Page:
Moody's Investors Service will not assign MBIA Insurance Corp.'s A2 rating to the approximately $166 billion portion of Financial Guaranty Insurance Co.'s U.S. public finance book that the financial guarantor has agreed to reinsure because the deal does not meet the rating agency's credit substitution standards, Moody's said in a special report earlier this week.
FGIC's ability to terminate the agreement without a final payment being made by MBIA prevents it from meeting Moody's requirements for substitution, Moody's said. FGIC could cancel the deal if MBIA becomes insolvent, falls below investment grade, or for a number of other reasons.
Regulators had hoped the rating agencies would give the FGIC-backed credits MBIA ratings because of a unique form of reinsurance provided. Under the terms of the deal, bondholders can go to either FGIC or MBIA with any claims.
MBIA and FGIC are currently in discussions with Moody's about issues related to the deal, according to the New York Insurance Department.
Standard & Poor's earlier this week said it would it assign MBIA's double-A rating to the bonds it reinsured from FGIC's portfolio, excluding variable-rate transactions, whose ratings Standard & Poor's will further review. FGIC is rated B1 on review for downgrade by Moody's and BB on negative watch by Standard & Poor's. Fitch Ratings has withdrawn its rating on FGIC.
The reinsurance deal could have minimal impact on the value of bonds insured by FGIC. Although poorly rated and unrated bonds may receive a slight benefit from MBIA reinsurance, most investors are looking past insurance to the underlying ratings of credits, said Evan Rourke, portfolio manager at MD Sass.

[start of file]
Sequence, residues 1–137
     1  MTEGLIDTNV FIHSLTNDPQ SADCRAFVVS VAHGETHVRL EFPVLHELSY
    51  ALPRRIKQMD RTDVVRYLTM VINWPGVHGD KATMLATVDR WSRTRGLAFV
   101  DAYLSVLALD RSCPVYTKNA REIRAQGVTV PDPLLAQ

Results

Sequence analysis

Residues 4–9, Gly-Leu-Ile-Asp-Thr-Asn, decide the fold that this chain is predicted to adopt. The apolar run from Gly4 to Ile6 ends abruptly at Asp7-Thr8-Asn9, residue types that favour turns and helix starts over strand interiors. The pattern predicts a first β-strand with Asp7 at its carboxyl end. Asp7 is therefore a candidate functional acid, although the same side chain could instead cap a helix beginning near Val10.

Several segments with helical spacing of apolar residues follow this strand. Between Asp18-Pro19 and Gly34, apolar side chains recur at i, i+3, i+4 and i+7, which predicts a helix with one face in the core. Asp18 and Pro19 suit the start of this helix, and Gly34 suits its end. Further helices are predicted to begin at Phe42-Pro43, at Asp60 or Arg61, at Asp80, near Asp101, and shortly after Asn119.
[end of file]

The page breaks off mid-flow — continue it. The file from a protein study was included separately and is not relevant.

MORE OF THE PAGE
"The incremental benefit seems fairly low in terms of how I would approach valuing a bond with an MBIA wrap," Rourke said. "And [Moody's] didn't give it the MBIA rating. But even if they did give it the MBIA rating, confidence remains low."
MBIA expects to benefit from the deal as it earns the premiums over the terms of the policies. It brought in upfront unearned premiums of approximately $639 million as part of the deal.
FGIC will release contingency reserves and receive a ceding premium, which it could use to commute other transactions and reduce its exposures. When it first announced the MBIA reinsurance transaction in August, FGIC also said FGIC UK Ltd. paid French bank Calyon $200 million to commute $1.875 billion of its exposure to collateralized debt obligations of asset-backed securities.